Regular readers will recall that at the start of the season, I posted a wee diatribe on how much I hate what passes for Christmas music in most of the stores. http://wp.me/pYql4-1tv
Here’s where karma part comes in: Mary is organizing a Christmas dinner for a large number of people at a local church. I already volunteered to help with food prep, but the other day she gave me a further assignment. “I need you to make a three hour playlist of Christmas music, and it has to be respectful.”
That actually is not a problem. I love Christmas music – if I didn’t, the stuff in the stores wouldn’t bother me. As I started to rummage through what I have on iTunes, I got caught up in listening to various versions of “Greensleeves,” and wondering – even though I love the song – what it has to do with Christmas. Tracking its origins was not unlike researching a folktale. I also found that everyone from Homer Simpson to John Coltrane has covered it, so I invite you to have a listen as I share a bit of what I learned about this haunting song. Let’s begin with Homer (relax – his clip is only 14 seconds long).
Greensleeves is a traditional English folksong, of the sort known as a “romanesca.” A broadside ballad of this name was registered at the London Stationer’s Company in Sept., 1580, as “A New Northern Dittye of the Lady Greene Sleeves”. A broadside was a ballad or poem, printed on one side of a cheap sheet of paper and common between the 15th and 19th centuries. Here is a traditional version, sung by Méav Ní Mhaolchatha’s on the Celtic Woman tour:
There’s a persistant rumor that Henry VIII wrote the song while courting Anne Boleyn, since at first she apparently “cast [him] off discourteously,” but music experts dismiss the legend. Greensleeves is an Elizabethan song, composed in an Italianate style that did not reach England until after Henry’s death.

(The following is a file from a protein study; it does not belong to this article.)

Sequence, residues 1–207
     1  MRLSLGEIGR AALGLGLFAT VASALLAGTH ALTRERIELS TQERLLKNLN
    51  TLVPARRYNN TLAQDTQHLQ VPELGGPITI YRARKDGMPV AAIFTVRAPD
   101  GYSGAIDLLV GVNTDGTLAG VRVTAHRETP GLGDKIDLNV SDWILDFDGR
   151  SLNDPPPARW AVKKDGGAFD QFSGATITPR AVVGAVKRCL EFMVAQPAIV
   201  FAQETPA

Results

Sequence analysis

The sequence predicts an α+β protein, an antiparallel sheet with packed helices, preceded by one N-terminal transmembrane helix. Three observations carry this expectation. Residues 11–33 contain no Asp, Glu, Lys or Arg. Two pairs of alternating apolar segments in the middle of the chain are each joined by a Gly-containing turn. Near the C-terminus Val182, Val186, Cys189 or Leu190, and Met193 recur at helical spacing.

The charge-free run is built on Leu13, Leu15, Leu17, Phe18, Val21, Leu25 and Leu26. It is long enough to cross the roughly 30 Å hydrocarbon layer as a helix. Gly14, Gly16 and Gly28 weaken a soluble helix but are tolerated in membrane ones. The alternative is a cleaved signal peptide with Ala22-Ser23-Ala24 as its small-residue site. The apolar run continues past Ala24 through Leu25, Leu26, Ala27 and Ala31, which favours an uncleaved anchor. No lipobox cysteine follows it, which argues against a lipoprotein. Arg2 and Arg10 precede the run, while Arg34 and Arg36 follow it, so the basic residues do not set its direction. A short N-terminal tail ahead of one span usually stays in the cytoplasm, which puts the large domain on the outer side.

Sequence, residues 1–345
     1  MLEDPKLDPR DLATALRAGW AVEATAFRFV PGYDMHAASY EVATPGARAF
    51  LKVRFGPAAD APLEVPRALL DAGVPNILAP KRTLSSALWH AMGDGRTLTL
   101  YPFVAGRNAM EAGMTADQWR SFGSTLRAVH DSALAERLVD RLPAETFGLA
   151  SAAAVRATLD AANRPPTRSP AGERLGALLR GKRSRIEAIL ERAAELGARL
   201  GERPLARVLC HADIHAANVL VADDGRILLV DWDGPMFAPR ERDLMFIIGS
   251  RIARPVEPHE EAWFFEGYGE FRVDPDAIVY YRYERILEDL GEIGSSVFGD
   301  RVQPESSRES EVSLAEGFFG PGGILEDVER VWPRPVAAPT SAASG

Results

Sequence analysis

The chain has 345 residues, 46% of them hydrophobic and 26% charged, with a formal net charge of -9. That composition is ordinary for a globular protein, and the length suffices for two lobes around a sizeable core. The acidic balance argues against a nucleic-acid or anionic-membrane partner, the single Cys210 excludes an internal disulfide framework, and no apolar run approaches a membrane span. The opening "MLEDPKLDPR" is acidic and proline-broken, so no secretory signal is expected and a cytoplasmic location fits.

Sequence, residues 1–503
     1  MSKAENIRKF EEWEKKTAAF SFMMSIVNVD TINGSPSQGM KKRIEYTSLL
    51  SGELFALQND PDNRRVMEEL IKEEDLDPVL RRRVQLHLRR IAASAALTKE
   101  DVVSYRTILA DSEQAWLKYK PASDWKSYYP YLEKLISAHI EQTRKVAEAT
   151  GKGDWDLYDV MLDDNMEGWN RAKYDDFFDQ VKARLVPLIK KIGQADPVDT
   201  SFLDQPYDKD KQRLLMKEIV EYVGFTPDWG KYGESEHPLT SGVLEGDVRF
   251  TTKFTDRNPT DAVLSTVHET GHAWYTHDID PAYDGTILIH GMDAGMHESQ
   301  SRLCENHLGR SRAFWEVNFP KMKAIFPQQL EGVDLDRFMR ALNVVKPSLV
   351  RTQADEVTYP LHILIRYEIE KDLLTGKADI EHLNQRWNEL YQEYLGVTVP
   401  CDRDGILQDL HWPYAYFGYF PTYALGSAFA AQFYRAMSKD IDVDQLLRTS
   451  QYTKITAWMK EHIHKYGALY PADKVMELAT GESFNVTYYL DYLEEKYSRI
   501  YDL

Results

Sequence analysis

Another common interpretation is that the song refers to a promiscuous woman or a prostitute. At the time, the color green had sexual connotations. One translator of Chaucer notes that in the Canterbury Tales, green “was the colour of lightness in love.” I tend to agree with this interpretation based on what I know of pre-Christian nature religion in the British isles, and the Pan-like “Green Man,” whose face still peeks out at worshipers in many British churches and cathedrals:
A reference to Greensleeves in The Merry Wives of Windsor, 1602, suggests both the popularity of the song, and coming from Falstaff, a bawdy interpretation. The popularity of the song has continued unbroken to the present day. Here my favorite modern interpretation, by Jethro Tull:
In 1865, William Chatterton Dix wrote “What Child is This,” to the tune of Greensleeves, which made both songs popular during the Christmas season. Here is the version I’m going to use for the Christmas dinner project. Josh Groban knows how to stir the soul, and that is something we really need this year. Elizabethan renditions of Greensleeves have historical interest but tend to be slow and even lugubrious. Much as I love ballads of trials and woe, this year we need all the hope we can get and the kind of music that can awaken it.
I wish each and every one of you a joyous holiday in whatever way you celebrate it. I’m going to take a blogging break for a week or so, to walk, to read, to meditate, to catch some of the great year end movies, and in general, to simply kick back for R&R. I will be back right around the new year.
Peace to all of you!